Data Protection: Last Opinion Vote in JURI on 19 March

Paris, 11 March 2013 — Revision of the European Data Protection Regulation is ongoing and the “Legal Affairs” (JURI) Committee will vote on its opinion on 19 March. Unfortunately, there are strong indications that JURI will vote in the same way as the previous committees and weaken the protection of EU citizens' privacy against corporations that collect, process and trade their personal data. With only one week left before the vote, citizens must act urgently and contact their members of the European Parliament (MEP).

Marielle Gallo

Following the votes in the “Consumers” (IMCO), “Industry” (ITRE) and “Employment” (EMPL) committees, members of the “Legal Affairs” (JURI) committee will vote on the 19 of March on their opinion on the revision of the Data Protection Regulation. This is the last opinion vote before the main, crucial vote1, on “Civil Liberties” (LIBE) report. The “Legal Affairs” (JURI) Committee, led by Marielle Gallo (France - EPP) – notorious for being one of ACTA's main proponents – is likely to vote in the same way that the three previous committees, weakening the protection of EU citizens' privacy contained in the European Commission's initial proposal. For example, some amendments tabled on the draft opinion suggest reducing the scope of the definition of “personal data”, using the outrageous fallacy of “pseudonymous data”2, and reducing sanctions against violations of the Regulation3.

Some of the most dangerous measures proposed by JURI members are directly copy-pasted from industry lobbyists demands, as the website shows. They would jeopardise the positive advances made by the European Commission's initial proposal, such as the requirement of an explicit consent by the user and the reinforcement of the data protection authorities' powers.

Before the 19 March vote, citizens must contact members of JURI and ask them to4:

  • Defend the principle of explicit and informed consent for specific collection and processing of data, no more, no less;
  • Protect all personal data and refuse the absurd concept of “pseudonymous” data to be used as a derogation to safeguards;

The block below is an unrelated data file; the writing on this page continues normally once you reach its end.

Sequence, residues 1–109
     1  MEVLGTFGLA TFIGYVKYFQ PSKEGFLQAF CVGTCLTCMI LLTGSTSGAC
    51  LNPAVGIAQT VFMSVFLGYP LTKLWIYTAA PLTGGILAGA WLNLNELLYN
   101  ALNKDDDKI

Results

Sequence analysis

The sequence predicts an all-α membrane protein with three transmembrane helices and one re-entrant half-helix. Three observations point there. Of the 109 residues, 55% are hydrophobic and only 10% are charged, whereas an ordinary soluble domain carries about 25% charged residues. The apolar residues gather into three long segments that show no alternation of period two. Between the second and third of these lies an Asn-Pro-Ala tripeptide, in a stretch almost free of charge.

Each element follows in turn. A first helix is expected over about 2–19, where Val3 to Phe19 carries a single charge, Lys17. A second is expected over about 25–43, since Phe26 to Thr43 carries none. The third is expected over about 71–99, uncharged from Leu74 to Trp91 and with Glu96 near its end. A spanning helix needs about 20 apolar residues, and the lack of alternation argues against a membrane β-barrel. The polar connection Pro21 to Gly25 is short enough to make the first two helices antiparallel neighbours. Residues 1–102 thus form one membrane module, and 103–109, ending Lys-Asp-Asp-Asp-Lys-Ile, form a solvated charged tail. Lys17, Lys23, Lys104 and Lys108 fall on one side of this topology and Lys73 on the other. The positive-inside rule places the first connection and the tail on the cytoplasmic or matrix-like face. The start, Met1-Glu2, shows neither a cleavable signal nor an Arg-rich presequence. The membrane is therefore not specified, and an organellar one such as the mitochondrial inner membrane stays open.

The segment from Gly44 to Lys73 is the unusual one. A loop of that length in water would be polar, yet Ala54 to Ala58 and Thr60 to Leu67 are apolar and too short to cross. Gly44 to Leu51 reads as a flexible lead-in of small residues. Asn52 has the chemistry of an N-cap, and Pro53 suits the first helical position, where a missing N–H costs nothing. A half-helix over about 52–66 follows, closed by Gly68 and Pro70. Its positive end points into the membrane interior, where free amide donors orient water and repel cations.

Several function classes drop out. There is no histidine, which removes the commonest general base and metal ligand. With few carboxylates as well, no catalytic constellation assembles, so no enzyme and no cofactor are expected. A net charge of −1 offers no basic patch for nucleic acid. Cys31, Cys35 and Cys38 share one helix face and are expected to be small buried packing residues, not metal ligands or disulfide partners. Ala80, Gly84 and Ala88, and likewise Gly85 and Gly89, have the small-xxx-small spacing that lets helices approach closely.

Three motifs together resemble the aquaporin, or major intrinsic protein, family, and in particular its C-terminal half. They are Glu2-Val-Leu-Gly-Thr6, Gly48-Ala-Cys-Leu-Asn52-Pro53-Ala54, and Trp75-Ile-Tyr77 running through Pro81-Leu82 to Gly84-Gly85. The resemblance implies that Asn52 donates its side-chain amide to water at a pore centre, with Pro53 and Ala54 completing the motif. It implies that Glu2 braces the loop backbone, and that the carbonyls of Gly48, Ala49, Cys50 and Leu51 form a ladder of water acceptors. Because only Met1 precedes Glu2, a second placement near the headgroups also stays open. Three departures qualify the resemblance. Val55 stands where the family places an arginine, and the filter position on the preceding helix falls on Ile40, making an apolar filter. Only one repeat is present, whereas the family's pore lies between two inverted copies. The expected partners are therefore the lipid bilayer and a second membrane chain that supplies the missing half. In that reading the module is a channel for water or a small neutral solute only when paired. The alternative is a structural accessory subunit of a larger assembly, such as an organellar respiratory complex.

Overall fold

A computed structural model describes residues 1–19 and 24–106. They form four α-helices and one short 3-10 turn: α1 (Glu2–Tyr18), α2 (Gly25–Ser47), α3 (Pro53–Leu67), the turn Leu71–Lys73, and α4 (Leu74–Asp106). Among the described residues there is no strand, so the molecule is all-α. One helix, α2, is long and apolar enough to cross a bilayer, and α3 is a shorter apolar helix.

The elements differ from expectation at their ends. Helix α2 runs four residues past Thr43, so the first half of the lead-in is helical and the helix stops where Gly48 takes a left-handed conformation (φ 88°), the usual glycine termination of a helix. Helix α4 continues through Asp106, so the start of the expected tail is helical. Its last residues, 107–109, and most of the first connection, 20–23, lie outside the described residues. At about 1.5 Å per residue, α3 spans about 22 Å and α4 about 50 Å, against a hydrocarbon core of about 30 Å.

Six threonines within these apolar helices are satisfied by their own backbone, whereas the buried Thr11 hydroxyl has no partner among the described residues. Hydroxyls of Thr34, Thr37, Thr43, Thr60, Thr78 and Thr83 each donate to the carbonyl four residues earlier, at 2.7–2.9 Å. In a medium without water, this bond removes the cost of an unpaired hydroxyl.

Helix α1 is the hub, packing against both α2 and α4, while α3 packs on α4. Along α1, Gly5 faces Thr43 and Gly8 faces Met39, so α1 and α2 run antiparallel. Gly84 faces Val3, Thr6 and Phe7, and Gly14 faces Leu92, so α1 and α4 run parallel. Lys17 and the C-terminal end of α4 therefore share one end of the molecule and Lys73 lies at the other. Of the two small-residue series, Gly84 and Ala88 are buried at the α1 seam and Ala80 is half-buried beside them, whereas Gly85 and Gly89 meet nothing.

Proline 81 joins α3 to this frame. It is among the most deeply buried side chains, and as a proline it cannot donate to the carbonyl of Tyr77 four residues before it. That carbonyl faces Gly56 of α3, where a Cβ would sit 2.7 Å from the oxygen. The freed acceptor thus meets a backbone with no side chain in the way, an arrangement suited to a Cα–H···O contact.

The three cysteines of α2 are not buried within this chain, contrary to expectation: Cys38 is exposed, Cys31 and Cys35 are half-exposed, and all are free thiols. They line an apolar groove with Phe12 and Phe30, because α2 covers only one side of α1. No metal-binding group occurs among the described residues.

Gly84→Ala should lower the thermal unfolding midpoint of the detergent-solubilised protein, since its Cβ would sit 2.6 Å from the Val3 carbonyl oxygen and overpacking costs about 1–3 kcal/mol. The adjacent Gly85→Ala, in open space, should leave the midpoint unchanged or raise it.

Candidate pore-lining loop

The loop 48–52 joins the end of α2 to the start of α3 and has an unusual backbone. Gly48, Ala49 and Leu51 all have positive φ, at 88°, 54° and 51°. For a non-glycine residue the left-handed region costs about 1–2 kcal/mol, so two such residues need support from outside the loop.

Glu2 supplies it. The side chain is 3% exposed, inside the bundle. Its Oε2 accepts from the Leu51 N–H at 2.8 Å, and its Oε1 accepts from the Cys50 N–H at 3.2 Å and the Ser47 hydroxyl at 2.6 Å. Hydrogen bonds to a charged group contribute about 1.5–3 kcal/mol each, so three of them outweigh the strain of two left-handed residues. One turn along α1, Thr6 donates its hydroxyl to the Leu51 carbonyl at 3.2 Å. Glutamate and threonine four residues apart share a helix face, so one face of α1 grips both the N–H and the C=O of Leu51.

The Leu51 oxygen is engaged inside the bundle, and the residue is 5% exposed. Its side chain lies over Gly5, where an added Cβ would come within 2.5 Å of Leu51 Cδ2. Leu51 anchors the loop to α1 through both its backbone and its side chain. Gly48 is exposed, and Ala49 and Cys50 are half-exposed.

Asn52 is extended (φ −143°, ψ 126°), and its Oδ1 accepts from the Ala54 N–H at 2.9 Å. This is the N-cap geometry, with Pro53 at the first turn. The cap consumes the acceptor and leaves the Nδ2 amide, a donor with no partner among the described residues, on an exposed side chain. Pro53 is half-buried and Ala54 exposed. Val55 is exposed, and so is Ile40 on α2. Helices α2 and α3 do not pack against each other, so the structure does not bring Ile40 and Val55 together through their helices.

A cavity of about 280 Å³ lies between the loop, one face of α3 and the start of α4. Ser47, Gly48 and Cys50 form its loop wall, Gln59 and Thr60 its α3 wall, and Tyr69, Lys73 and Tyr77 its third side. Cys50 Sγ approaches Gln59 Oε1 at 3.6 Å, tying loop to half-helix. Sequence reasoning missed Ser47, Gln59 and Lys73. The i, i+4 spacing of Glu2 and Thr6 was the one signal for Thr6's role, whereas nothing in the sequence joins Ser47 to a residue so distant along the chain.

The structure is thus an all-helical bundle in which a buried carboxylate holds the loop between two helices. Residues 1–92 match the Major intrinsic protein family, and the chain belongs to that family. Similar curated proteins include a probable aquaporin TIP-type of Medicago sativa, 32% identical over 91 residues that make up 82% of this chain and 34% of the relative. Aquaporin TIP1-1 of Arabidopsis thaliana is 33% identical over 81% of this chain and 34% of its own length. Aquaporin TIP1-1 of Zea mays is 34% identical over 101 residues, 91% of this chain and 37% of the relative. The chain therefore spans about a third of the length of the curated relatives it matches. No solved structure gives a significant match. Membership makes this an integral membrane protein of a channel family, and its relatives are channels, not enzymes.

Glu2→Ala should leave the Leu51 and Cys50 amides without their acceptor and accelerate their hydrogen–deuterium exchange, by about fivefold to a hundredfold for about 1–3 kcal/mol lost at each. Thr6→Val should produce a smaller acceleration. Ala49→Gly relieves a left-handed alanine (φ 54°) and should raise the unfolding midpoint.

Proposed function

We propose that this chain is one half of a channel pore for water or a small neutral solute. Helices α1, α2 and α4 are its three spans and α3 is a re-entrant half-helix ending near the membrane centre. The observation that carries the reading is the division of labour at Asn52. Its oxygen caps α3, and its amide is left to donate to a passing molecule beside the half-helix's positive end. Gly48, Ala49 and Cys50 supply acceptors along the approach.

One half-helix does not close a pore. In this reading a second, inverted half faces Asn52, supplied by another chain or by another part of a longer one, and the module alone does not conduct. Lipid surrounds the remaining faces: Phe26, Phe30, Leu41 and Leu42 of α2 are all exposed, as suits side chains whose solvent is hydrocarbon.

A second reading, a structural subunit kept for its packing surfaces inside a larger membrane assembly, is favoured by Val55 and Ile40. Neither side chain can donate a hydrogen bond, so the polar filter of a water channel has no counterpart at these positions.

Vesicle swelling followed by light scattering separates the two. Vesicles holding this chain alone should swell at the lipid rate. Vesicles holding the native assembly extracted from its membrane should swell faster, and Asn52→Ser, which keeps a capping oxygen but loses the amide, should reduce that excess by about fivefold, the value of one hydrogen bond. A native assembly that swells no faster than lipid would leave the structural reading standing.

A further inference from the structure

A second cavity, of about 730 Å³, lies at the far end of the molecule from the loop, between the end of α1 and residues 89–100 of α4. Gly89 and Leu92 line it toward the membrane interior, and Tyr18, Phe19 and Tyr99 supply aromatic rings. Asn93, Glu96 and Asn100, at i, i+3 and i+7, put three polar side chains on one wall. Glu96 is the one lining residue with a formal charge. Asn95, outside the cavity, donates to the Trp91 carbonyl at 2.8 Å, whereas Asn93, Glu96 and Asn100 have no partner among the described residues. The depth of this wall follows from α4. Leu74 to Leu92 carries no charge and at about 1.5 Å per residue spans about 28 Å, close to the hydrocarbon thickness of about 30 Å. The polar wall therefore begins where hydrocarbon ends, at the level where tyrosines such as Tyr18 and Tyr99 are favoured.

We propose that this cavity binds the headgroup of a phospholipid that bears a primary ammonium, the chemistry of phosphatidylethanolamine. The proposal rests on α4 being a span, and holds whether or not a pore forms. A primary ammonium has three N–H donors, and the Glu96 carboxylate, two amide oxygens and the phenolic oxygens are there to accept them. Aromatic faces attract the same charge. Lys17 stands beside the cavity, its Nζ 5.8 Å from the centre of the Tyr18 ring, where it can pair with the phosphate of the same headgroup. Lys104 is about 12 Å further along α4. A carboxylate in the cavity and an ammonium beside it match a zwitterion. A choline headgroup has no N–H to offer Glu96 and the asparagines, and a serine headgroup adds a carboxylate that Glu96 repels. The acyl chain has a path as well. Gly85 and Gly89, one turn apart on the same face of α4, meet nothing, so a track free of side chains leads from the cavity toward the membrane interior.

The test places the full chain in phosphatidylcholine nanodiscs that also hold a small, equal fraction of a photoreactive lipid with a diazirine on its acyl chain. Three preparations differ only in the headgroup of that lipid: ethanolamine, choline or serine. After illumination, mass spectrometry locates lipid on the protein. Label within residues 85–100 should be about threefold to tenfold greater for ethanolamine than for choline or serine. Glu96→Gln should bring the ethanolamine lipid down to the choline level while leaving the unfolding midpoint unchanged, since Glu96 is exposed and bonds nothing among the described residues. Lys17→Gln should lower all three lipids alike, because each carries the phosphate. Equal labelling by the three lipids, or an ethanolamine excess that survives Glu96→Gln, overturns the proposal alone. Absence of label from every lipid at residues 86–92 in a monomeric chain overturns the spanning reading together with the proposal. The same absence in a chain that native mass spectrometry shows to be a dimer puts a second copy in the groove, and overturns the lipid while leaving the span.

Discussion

• Give data protection authorities the necessary power to protect our rights;
  • Ensure that every breach of personal data is immediately notified to both relevant bodies and users, and severely sanctioned if caused by excessive negligence or done on purpose;
  • Preventing the use of profiling for taking decisions with a deep impact on our everyday lives.

Each of these concerns is, in fact, mostly addressed in the European Commission's initial proposal. We must ensure that MEPs don't get fooled by the industry's lobbies into introducing more loopholes to the protection of our privacy.

“After the industry had its way in each of the three previous committees, this vote in the ‘Legal Affairs’ Committee is our last chance to get an opinion calling for a better protection of our fundamental right to privacy before the vote of the main committee. These votes are only ‘opinions’, but their impact is not to be underestimated and they may weight on the ‘Civil Liberties’ Committee's report. Before the 19 March, we must act, and urge members of the European Parliament to protect the general interest!” concluded Jérémie Zimmermann, spokesperson for citizen advocacy group La Quadrature du Net.

To get more information and discuss this, you can visit our forum.

  • 1. The “Civil Liberties” (LIBE) Committee, led by Jan Philipp Albrecht (Germany - Greens/EFA), is the main committee working on the Data Protection Regulation. It will vote on its report on 24-25 April 2013, taking into account the opinions expressed by the IMCO, ITRE, EMPL and JURI committees. The final LIBE committee report will table the amendments the whole European Parliament will vote on during the first reading in plenary session, expected for the end of 2013.
  • 2. Marielle Gallo (France - EPP), Sajjad Karim (UK - ECR) and Klaus-Heiner Lehne (Germany - EPP) have proposed three identical amendments which are the verbatim copies of a measure proposed by both the American Chamber of Commerce (see page 11) and EuroISPA, the 'world's largest association of Internet Services Providers' (see page 2). These amendments dictate that data which are not directly collected or processed together with the name of the data subject may be collected or processed without the data subject's consent, even if these data are tied to an unique identifier (for behavioural targeting, for instance) or may afterwards be easily associated with the data subject (see studies on the matter).
  • 3. While the proposed Regulation currently dictates that fines may be imposed to anyone who breaks the Regulation, even for a single and negligent breach, Amendments 63 to 66 tabled by JURI's members propose that only repeated and deliberate breaches of the Regulation may lead to a fine.
  • 4. For a more detailed view on the JURI's amendments to reject and to support, see: